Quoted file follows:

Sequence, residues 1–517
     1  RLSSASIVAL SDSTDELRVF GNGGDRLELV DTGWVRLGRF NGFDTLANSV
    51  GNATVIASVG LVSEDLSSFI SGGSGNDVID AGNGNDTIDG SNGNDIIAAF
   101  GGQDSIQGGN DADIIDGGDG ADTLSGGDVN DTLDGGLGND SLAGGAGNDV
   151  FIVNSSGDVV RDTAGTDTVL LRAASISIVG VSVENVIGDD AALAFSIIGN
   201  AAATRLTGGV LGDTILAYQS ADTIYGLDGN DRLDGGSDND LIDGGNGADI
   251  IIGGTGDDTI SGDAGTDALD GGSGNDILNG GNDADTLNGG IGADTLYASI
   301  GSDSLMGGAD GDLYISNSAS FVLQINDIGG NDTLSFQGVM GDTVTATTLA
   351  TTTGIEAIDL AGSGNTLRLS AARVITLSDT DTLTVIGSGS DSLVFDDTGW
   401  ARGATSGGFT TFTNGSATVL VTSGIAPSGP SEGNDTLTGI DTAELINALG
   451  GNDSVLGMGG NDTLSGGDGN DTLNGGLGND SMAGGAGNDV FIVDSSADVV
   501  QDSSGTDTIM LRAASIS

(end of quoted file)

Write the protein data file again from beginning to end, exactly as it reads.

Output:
Sequence, residues 1–517
     1  RLSSASIVAL SDSTDELRVF GNGGDRLELV DTGWVRLGRF NGFDTLANSV
    51  GNATVIASVG LVSEDLSSFI SGGSGNDVID AGNGNDTIDG SNGNDIIAAF
   101  GGQDSIQGGN DADIIDGGDG ADTLSGGDVN DTLDGGLGND SLAGGAGNDV
   151  FIVNSSGDVV RDTAGTDTVL LRAASISIVG VSVENVIGDD AALAFSIIGN
   201  AAATRLTGGV LGDTILAYQS ADTIYGLDGN DRLDGGSDND LIDGGNGADI
   251  IIGGTGDDTI SGDAGTDALD GGSGNDILNG GNDADTLNGG IGADTLYASI
   301  GSDSLMGGAD GDLYISNSAS FVLQINDIGG NDTLSFQGVM GDTVTATTLA
   351  TTTGIEAIDL AGSGNTLRLS AARVITLSDT DTLTVIGSGS DSLVFDDTGW
   401  ARGATSGGFT TFTNGSATVL VTSGIAPSGP SEGNDTLTGI DTAELINALG
   451  GNDSVLGMGG NDTLSGGDGN DTLNGGLGND SMAGGAGNDV FIVDSSADVV
   501  QDSSGTDTIM LRAASIS